Lessons Learned From My Father

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Lessons Learned From My Father

37:54 · 2019

Episode 474

I thought I’d take a few minutes and share some of the most impactful things and lessons that I have been taught by my father over the last several years even though he’s been gone for over the last decade. My dad growing up, William Milton Carson, was my hero. A lot of kids have Michael Jordan and Nolan Ryan. During my youth years, I was a very big fan of both of those guys, both sports heroes-wise. When it came to who your true hero is, I was very honored to have a great father and a great mother. My mom is great still to this day. My father was my hero growing up. I thought I’d share a little bit with you guys about that. He’s been gone for a while. We all learned something from our fathers, whether they’re with us or not with us. It can be good or bad.

I was very blessed that my dad taught me several lessons along the way that have helped mold me and shaped my business ideas, my business tactics and helped me be who I am as a person. We are all solely responsible for who we are. It’s not anybody else’s fault. We all make decisions along the way of our lives, whether it’s in personal or education or family or business things. We all are responsible for our own decisions. You are where you’re at because of the decisions that you’ve made on a day-in, day-out basis. I’m here because of the fact that I’ve made some great decisions. I’ve made some bad decisions along the way. I’ve had some good deals. I’ve had some bad deals along the way. Nobody is perfect. Everybody backs goes 500, you have half good, half bad. The average out depends on the extreme of the good or the bad.

Sometimes we have good ups. We have bad downs. You have to balance it out and keep working for it. I’ll give you a little bit of background. My dad was born on November 4th, 1936 in Minnesota. My grandparents were dairy farmers outside of Minneapolis in a place called Rochester, Minnesota in Stewartville area. My dad grew up one of three kids. He was there working on the farm with my grandfather and his mother passed early on from sickness. He grew up on a farm. His older brother, my Uncle Robert went off to fight in the Korean War. My dad was a junior in high school at the time. My grandfather could not handle working on the farm by himself. One of the things that my dad did is for two years he quit high school. He quit going to work on the farm to help his dad, to be there to help bring things together and make sure that everything ran well.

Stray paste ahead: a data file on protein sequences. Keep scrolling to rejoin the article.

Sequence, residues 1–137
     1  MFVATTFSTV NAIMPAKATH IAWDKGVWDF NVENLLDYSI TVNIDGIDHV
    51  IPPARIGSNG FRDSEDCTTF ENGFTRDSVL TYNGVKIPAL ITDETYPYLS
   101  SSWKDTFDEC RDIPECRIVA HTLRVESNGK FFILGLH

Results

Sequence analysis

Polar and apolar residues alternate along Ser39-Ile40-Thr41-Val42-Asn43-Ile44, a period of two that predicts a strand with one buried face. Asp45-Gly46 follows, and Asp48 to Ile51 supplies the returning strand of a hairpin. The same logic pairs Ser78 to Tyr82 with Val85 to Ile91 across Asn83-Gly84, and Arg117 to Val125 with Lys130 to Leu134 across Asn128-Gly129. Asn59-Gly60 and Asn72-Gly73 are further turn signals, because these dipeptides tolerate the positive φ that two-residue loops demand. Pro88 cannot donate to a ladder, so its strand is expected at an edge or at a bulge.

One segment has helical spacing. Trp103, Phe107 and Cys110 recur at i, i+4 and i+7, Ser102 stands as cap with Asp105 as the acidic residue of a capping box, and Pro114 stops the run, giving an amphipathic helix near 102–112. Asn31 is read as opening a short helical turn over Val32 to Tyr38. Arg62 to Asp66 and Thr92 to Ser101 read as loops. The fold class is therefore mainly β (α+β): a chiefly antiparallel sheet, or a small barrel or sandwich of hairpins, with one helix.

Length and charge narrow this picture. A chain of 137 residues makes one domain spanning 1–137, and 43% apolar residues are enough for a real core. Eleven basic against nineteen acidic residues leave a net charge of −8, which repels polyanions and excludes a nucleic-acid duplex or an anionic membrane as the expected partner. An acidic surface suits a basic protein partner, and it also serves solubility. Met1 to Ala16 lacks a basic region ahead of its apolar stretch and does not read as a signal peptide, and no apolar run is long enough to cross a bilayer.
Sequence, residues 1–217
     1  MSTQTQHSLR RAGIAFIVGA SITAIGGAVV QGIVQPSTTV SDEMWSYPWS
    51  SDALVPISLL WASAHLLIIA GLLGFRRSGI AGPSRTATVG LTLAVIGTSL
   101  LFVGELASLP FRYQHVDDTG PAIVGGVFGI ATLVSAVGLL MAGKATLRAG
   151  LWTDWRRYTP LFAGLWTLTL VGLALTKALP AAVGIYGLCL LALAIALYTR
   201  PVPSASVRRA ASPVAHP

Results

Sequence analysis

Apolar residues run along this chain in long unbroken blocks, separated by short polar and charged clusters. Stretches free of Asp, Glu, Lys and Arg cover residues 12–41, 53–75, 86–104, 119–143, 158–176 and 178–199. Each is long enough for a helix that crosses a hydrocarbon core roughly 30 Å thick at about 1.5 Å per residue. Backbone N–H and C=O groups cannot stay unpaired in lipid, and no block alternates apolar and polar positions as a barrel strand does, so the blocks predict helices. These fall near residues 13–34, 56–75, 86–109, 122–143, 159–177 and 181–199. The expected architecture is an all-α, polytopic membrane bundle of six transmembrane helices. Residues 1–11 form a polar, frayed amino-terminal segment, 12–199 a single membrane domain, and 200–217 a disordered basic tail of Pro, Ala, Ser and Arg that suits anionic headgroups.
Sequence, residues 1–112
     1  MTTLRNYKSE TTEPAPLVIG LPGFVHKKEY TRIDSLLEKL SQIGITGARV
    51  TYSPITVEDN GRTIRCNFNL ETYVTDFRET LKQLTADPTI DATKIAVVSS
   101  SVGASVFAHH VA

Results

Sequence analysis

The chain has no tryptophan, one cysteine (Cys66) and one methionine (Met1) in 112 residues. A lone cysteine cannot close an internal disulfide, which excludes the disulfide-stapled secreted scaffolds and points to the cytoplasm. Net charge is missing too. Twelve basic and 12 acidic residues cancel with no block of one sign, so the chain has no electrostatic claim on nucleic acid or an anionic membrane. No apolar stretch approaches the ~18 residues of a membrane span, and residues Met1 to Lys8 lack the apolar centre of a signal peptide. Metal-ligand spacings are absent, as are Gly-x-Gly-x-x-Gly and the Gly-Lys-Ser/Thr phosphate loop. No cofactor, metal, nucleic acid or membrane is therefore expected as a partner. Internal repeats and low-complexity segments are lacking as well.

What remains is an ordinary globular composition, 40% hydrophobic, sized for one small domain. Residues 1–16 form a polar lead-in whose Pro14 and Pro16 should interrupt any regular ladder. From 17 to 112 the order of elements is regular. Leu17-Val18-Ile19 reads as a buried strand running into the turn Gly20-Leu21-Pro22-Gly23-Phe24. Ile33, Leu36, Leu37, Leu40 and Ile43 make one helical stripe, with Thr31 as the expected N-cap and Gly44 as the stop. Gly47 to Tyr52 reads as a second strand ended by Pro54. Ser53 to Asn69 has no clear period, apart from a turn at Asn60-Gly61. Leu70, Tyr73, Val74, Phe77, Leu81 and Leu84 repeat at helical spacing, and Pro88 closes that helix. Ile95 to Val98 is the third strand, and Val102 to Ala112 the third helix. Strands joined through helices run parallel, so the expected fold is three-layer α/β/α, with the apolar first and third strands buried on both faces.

That takes a lot of courage when you do that, to leave your high school, to leave that and to go back away. It’s a little bit maybe more common back then than it is now but that was a big thing. When my Uncle Bob came back from the Korean War a couple of years later, my dad wanted to go back to high school. He wanted to finish his degree. He had the goal of becoming a minister. He wanted to go to seminary school and to do that, he had to graduate high school. His family was very against it. I know it’s surprising you’d be against going to high school because he’s already been out of it and working on the farm. What are you going to learn there? You’re here on the farm of the family.

Against my grandparent’s wishes, my dad went back in and went to high school. He left the farm. He left and went to Rochester. He put himself through his last year of high school. He went from a small high school to a large high school where he was a small guy, but he finished. Can you imagine going to a n


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